Gophr Strategic Account Director, Graham Smith, puts his case forward for last-mile delivery and how it can accelerate your delivery rates.
On-demand delivery is hard to get right – and that’s when you have the resource, a fully stocked warehouse and access to a fully mobile fleet of vehicles. You are set up, ready to deal with customer demands quickly and effectively.
But what about a business where it’s all up in the air, where demand is random, where there isn’t a centralised distribution network? A business where you might have something big enough to warrant delivery in a large van, then the next item is as big as a coffee cup?
It’s a scenario that will be familiar to many in the world of motor factors.
An unpredictable supply chain
Supply chains – and this is not just unique to motor factors – can be unpredictable. Orders often come in on an ad-hoc basis, raising challenges, such as delivering to customers with orders big and small, nearby or far away. Demand is unpredictable leaving technicians unclear on when to expect parts, leading to productivity drop off. This isn’t good for workshops, and it isn’t good for vehicle owners, leaving many to walk away disgruntled.
The knock-on effect on a job that could theoretically take just one hour is a delay of two or three, plus days because the parts aren’t there in a timely fashion. Not only are customers inconvenienced by not having their car repaired promptly, but it can damage the workshop’s customer relationships, chance of repeat business and wider reputation of the workshop.
The blockages in the supply chain dependent on the availability of parts and small fleets, ultimately, leave workshops frustrated. The result is backlogs, vehicles jamming up the line and customers unable to drive away quickly.
But it doesn’t need to be this way: motor factors have an opportunity to improve supply chain efficiency – and help their customers and their customers’ customers – by partnering with last-mile delivery services.
Faster delivery drives repeat business
In our own discussions with independent workshops, their inability to plan work and jobs around the availability of parts is a recurring theme. Nine out of 10 workshops we asked highlighted their challenges with speed of delivery, and 3 in 10 raised the issue of motor factors’ dependence on inter-branch transfer.
Whilst a motor factor’s standard fleet is the bread and butter in terms of delivery, the decision to partner with last-mile delivery services can in effect boost a fleet size. By using a third-party, you can effectively ramp up the number of parts distributed at any given time and, crucially, increase transaction rates with workshops.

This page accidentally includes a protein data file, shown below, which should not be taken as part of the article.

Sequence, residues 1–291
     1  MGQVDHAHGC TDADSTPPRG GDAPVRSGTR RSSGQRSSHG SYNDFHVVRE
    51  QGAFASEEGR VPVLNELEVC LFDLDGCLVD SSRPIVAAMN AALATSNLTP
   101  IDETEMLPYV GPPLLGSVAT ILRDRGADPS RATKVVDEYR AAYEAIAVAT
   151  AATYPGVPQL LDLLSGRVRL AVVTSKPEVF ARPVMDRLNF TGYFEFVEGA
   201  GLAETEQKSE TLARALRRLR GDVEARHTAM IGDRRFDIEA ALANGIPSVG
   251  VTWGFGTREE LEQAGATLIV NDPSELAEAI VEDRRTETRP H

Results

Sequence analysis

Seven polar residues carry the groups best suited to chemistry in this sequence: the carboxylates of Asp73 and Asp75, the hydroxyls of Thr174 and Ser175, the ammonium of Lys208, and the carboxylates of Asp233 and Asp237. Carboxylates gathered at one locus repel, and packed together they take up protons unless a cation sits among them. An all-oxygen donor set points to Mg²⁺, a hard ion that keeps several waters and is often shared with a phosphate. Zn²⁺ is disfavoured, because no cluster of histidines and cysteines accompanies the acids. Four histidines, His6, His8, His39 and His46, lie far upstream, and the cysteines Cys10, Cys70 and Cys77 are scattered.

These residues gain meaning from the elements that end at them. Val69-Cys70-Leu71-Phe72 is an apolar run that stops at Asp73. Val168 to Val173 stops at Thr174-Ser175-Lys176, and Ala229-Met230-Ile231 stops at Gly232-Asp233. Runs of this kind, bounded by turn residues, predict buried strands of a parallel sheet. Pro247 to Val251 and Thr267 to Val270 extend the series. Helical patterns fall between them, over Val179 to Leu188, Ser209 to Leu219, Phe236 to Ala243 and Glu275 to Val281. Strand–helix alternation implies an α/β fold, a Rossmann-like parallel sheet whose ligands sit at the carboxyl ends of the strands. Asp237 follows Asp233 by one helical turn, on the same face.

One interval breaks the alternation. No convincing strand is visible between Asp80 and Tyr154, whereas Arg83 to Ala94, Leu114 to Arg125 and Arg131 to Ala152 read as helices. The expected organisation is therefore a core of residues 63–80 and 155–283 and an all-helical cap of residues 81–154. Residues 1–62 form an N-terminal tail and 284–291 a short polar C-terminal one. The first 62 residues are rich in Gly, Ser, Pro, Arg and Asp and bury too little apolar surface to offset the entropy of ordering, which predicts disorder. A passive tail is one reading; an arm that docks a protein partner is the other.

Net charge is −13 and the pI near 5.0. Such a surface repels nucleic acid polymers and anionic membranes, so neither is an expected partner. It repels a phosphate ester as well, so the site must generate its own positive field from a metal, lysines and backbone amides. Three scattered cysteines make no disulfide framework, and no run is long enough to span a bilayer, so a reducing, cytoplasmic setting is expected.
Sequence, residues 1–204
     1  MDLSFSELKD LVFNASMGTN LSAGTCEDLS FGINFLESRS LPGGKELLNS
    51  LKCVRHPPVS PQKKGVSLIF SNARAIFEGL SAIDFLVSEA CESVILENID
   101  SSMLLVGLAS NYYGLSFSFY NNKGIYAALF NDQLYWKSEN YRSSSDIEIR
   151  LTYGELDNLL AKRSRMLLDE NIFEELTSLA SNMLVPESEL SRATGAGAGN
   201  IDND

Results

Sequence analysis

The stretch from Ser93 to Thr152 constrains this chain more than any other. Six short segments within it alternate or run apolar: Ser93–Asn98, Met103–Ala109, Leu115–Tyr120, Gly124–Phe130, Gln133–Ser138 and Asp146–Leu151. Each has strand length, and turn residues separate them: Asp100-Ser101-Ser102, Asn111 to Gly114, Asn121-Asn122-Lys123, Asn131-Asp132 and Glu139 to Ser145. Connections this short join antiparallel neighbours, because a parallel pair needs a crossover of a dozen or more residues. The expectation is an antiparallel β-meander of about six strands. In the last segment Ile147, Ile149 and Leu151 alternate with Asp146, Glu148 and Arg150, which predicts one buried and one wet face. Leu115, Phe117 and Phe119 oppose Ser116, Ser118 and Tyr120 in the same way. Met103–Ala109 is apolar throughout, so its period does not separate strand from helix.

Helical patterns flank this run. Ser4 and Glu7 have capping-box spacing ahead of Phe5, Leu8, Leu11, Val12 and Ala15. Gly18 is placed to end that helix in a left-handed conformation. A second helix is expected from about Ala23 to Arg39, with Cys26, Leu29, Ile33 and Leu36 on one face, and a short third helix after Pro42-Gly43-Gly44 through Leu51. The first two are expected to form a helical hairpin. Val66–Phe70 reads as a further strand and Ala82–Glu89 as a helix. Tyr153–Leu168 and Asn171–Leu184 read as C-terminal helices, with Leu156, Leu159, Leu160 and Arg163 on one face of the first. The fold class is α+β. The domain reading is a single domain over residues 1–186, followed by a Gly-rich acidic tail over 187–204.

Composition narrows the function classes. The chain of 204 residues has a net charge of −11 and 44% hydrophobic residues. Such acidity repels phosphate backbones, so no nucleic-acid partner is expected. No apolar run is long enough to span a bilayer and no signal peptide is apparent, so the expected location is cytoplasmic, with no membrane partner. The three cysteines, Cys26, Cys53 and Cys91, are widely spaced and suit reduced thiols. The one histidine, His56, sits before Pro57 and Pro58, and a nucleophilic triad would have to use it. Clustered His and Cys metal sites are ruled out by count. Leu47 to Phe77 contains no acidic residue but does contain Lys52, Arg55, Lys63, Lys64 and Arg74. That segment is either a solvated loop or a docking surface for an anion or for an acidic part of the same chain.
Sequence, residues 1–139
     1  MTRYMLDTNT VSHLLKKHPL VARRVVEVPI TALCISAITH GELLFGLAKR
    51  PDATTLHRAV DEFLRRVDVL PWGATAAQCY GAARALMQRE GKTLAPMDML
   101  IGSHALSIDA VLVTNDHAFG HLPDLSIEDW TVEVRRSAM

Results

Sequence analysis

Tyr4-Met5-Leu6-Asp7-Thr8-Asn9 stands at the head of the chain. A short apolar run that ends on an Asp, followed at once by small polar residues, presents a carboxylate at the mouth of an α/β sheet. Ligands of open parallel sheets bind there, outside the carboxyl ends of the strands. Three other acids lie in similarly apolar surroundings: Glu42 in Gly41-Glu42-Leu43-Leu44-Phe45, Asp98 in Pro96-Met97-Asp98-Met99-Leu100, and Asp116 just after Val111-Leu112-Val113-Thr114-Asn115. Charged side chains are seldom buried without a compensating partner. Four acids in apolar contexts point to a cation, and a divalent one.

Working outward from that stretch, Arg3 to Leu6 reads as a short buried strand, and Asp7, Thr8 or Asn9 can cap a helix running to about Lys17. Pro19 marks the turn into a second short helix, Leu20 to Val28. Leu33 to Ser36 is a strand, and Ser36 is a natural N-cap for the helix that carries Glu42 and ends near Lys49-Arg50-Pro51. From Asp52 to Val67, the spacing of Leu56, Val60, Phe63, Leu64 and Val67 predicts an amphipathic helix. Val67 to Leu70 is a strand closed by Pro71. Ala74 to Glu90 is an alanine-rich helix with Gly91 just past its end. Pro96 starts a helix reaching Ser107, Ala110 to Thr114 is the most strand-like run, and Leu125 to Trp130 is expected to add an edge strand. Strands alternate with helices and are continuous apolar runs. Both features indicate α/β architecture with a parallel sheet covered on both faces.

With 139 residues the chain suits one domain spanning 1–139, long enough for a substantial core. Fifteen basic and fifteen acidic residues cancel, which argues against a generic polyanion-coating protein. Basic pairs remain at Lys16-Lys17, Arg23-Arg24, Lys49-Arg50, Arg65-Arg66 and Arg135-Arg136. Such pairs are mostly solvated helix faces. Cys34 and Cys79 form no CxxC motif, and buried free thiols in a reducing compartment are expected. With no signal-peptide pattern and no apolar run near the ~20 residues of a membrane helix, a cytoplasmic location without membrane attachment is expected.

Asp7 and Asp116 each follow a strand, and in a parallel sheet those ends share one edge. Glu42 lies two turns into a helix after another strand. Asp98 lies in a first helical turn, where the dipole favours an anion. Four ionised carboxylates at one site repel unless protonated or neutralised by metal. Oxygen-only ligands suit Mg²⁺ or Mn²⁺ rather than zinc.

For workshops, the benefits of faster delivery are clear: better planning, workload and speed of efficiency can help drive greater profits. For motor factors that improve their services and integrate with on-demand delivery, there is potential to stop workshops going elsewhere with their orders and drive their own repeat business.
Lessons learned in other industries
Motor factors and workshops are dependent on part availability, just as trade can be dependent on building materials. Thanks to the integration of last-mile delivery into the sector, tradespeople no longer have to go off-site to builders’ merchants, which means days can be planned from beginning to end with materials and tools delivered in advance or on-demand.
Whilst there are differences, workshops have similar fears over customer frustrations due to parts taking time to be delivered and the customers. After all, they aren’t going to be aware of the intricacies and issues of the supply chain, so are naturally going to be frustrated by delays, and a confusing invoice where time billed doesn’t tally with time without their vehicle.
Last-mile delivery could potentially be the tonic to the industry’s headaches. Given the wide range of vehicle issues that can occur, the varieties of vehicles, combustion types and specialised workshops for things, like commercial vehicles, the supply chain is under increasing strain. With a sparse, decentralised distribution network made unpredictable by ad hoc walk-ins, MOT failures and breakdowns, this could be the perfect opportunity of how the sector functions when it comes to supplying workshops and the distribution network.
Could last-mile be part of a new approach? Don’t bet against it.